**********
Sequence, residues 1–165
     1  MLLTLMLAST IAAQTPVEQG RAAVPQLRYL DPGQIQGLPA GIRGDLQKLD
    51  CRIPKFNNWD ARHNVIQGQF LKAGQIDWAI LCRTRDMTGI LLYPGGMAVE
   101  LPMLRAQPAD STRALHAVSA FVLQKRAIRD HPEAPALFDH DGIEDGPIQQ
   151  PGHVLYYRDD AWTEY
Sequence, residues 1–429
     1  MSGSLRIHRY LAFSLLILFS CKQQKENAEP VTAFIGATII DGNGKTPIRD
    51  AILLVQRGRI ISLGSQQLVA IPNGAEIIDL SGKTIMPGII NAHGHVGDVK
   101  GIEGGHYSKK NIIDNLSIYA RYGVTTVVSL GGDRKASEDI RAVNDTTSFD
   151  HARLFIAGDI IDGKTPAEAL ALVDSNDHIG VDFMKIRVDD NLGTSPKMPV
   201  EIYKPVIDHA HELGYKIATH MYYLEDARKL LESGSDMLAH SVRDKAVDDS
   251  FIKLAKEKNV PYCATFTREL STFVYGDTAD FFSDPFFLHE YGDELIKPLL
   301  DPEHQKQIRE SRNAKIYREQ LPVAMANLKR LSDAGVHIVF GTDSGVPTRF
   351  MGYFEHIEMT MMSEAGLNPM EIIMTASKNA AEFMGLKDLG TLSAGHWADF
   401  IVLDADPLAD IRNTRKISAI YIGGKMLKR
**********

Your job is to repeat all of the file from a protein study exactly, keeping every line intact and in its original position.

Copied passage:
Sequence, residues 1–165
     1  MLLTLMLAST IAAQTPVEQG RAAVPQLRYL DPGQIQGLPA GIRGDLQKLD
    51  CRIPKFNNWD ARHNVIQGQF LKAGQIDWAI LCRTRDMTGI LLYPGGMAVE
   101  LPMLRAQPAD STRALHAVSA FVLQKRAIRD HPEAPALFDH DGIEDGPIQQ
   151  PGHVLYYRDD AWTEY
Sequence, residues 1–429
     1  MSGSLRIHRY LAFSLLILFS CKQQKENAEP VTAFIGATII DGNGKTPIRD
    51  AILLVQRGRI ISLGSQQLVA IPNGAEIIDL SGKTIMPGII NAHGHVGDVK
   101  GIEGGHYSKK NIIDNLSIYA RYGVTTVVSL GGDRKASEDI RAVNDTTSFD
   151  HARLFIAGDI IDGKTPAEAL ALVDSNDHIG VDFMKIRVDD NLGTSPKMPV
   201  EIYKPVIDHA HELGYKIATH MYYLEDARKL LESGSDMLAH SVRDKAVDDS
   251  FIKLAKEKNV PYCATFTREL STFVYGDTAD FFSDPFFLHE YGDELIKPLL
   301  DPEHQKQIRE SRNAKIYREQ LPVAMANLKR LSDAGVHIVF GTDSGVPTRF
   351  MGYFEHIEMT MMSEAGLNPM EIIMTASKNA AEFMGLKDLG TLSAGHWADF
   401  IVLDADPLAD IRNTRKISAI YIGGKMLKR